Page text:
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FORM Swim Goggles Review
FORM has just announced the availability of their FORM SWIM GOGGLES and I’ve been lucky enough to have a pair to review for the last couple of weeks.
I say ‘lucky’, I was REALLY sceptical at first that they would be of much use to my swim training. To cut a long story short…I was a bit wrong.
Edit: updated for OWS and AW usage
Who are FORM Swim Goggles For?
If you are a pool swimmer and interested in more frequent SWIMMING PACE feedback than you’ve had before then FORM goggles could be for you.
Put another way, you would probably classify yourself as a competitive swimmer to some degree.
If you swim open water and are vested in the Garmin or Apple Watch technology platforms and want heart rate and live pace feedback then you are probably a triathlete of some sort and these could be an interesting gadget for your kit bag.
What Does the Tech Deliver?
This swimming tech might be described as a Heads-up-Display (HUD) or some form of Augmented Reality (AR) linked to a motion sensor.
But the super-key thing for you as an athlete is that it gives you one of these 3 things in near-real-time
- Performace over your last completed length;
- Total performance for the CURRENT INTERVAL; or
- Total performance for the entire workout so far.
- PLUS: instantaneous HR with the Polar OH1+ now added.
- PLUS: instantaneous HR with the Apple Watch or high-end Garmin watches now added
- PLUS: Live open water pace with the Apple Watch or high-end Garmin watches now added
You chose to display one metric from time, stroke rate, stroke count, distance per stroke, pace per 100, pace per 50, distance, length count, calories burned, pace and HR
However, in swim mode, FORM goggles do not give you a truly ‘instant pace’, they work on knowing how long the pool is and the time taken for the onboard accelerometers to recognise a turn and hence your pace. Stroke type and frequency are also detected. In open water mode, you DO get pace continually updated but as of 17Oct2020 this is your average pace-to-date (no laps)
What’s the big deal?
I’ve only really ever had proper post-workout swim metrics. I’ve never really had anything quite so instantaneous unless you count these as instantaneous:
- Someone, poolside, shouting at you every couple of lengths 😉
- A blurry look at a poolside clock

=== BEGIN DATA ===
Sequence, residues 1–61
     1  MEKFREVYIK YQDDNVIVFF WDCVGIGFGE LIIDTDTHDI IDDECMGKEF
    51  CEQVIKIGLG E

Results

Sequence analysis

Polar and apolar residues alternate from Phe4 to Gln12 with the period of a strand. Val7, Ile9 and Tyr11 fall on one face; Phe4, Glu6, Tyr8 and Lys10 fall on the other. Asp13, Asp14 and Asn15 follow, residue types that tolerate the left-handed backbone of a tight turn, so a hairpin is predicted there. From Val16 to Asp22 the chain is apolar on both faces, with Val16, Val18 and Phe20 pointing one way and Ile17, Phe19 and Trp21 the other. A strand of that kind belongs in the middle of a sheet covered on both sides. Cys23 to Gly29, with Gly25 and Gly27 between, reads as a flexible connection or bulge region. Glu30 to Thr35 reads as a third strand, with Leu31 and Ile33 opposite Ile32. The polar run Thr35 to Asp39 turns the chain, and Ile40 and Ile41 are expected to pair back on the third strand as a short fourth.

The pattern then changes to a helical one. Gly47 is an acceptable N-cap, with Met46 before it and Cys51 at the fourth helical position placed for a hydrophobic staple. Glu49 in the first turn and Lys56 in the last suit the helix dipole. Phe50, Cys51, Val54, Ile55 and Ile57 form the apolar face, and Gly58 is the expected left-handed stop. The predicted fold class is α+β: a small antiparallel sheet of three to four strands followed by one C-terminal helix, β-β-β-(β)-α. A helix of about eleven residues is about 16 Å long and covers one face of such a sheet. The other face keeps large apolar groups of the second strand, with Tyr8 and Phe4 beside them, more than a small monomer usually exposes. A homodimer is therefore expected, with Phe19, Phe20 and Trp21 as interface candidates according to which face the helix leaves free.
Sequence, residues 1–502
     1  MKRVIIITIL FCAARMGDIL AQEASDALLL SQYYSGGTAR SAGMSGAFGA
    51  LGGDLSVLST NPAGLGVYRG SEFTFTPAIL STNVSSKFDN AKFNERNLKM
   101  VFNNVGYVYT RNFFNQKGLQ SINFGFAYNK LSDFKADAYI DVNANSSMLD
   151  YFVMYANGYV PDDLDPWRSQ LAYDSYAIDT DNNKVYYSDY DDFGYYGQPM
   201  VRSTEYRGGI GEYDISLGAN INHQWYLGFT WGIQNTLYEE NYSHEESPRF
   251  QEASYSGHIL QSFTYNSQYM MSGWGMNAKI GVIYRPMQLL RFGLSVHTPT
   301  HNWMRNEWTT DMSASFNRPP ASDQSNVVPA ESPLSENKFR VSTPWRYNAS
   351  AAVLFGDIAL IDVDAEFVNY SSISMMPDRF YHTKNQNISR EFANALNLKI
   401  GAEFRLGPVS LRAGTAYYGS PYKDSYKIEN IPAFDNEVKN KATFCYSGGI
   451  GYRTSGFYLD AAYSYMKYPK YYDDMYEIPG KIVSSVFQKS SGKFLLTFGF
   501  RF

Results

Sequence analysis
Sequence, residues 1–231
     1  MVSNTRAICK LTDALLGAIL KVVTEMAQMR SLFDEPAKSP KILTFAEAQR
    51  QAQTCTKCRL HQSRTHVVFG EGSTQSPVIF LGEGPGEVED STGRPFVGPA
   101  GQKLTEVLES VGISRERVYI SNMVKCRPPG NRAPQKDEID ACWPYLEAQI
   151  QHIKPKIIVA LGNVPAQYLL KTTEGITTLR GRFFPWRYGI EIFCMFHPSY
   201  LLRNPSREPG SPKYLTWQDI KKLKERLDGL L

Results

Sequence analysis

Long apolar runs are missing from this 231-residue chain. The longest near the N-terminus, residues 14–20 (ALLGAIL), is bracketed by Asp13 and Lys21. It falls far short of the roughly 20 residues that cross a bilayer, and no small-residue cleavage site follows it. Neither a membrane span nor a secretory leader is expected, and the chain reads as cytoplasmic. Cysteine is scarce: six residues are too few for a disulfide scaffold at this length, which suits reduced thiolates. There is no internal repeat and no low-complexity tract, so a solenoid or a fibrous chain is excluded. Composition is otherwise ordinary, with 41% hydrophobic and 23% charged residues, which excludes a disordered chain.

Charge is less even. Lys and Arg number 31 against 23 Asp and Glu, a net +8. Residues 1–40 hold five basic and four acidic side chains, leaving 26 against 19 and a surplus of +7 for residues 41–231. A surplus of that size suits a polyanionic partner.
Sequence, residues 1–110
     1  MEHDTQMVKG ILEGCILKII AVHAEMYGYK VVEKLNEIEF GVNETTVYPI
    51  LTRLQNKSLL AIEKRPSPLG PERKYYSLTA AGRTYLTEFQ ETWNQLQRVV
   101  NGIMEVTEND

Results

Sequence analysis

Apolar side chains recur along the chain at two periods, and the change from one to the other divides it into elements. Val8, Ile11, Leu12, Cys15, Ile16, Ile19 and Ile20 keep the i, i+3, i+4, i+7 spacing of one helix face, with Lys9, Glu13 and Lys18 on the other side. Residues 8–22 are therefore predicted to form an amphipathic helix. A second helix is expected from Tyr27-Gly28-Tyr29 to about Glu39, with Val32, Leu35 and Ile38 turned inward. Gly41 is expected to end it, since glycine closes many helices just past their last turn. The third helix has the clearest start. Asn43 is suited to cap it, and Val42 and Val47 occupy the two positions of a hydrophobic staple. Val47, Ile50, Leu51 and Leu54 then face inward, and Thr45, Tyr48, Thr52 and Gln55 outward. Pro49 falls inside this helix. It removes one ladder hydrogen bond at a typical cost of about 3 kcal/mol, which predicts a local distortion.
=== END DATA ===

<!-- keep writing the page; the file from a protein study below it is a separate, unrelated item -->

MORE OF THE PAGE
- Metrics on your watch at the end of an interval/set.
- A periodic alert from a sports watch
So we’re talking about much more ACTIONABLE info from a near real-time display. Remember it’s not quite true real-time data in the pool that you see but it’s probably closer to real-time than you’ve ever had before and you can certainly adjust your effort levels within a set. The heart-rate data can also be a real eye-opener, long time triathletes like me perhaps remember relying on heart rate for training but always bemoaning that it wasn’t possible when swimming. It’s now possible to see accurate HR continually beamed live into your field of vision.
Form Swim Goggles Review – In The Box
You get the goggles and 5 sizes of nose bridge as well as a nicely made case which is a little on the large size. You’ll probably want to protect your swim-tech investment more than your normal goggles and this case will do that, for sure.
There’s also an Android or iOS app and a custom USB charging cable.
Form Swim Goggles Review – Comfort, Fit and Swim Experience
Let’s face it, we all love whatever goggles we currently use. FORM’s biggest problem is going to be to get us to use their goggles.
They are well made though. Better than my Zoggs.
The nose bridge was a very good fit for me and I reverted to the default ‘medium’ size after trying a few other sizes for fun. There’s a 45-day FIT guarantee.
The display is good/clear too. I’ve had it turned down low on a very bright day at an outdoor pool and then the metrics were a bit difficult to see sometimes but it was my fault that I chose inappropriate settings for that particular environment. But even then the display was perfectly visible with the dark lane line behind the numbers. When properly illuminated, the display is perfectly clear and visible even on the brightest day at an open-air pool.
I seemed to have some loss of peripheral vision as well as the occasional strange reflection of people in the lane next to me. That was a bit disconcerting some times but more especially when sharing a lane with others. Nevertheless, I generally liked how the metrics were displayed. These 3 customizable displays are ALL possible for one swim session without touching the FORM goggles
- Display interval time AND pace per 100 as you swim (swim display)
- Display interval time and last length time as you turn (turn display)
- Scroll the display of LENGTHS and LAST SET PACE/100m underneath the REST TIMER COUNTER (rest display)
Heads Up Triathletes – This is a different beast to the Garmin Forerunner 945 tri watch (for example). With FORM you just press go and never touch it again until the end. Thus, all the rest periods are automatic including the changes in display that occur throughout your session. I think that real swimmers will like this as it makes the FORM goggles a non-invasive bit of tech. Like many triathletes, however, I bemoan not having a button to press as I start my next set (hey c’mon guys…we ALL love to do that).
Form Swim Goggle Technical Specs
- Display – Outdoor-readable see-through display – Can be worn over left or right eye
- Metrics – Split time, interval time, rest time, total time, stroke rate, stroke count, distance per stroke, pace per 100, pace per 50, distance, length count, calories burned
- Battery life – 16 hours swim time, inactive auto power-down in 20 minutes
- Waterproofing – Up to 32 ft (10 m)
- Fit and materials – 5 nose bridge sizes (included), Contoured eye seals made from FDA-certified silicone, Adjustable silicone strap
- Coatings – Permanent, chemical-resistant anti-fog
- Connectivity – Bluetooth® 4.2, connect via the app not via the phone’s Bluetooth settings
- Carrying case – Premium ventilated case with zip closure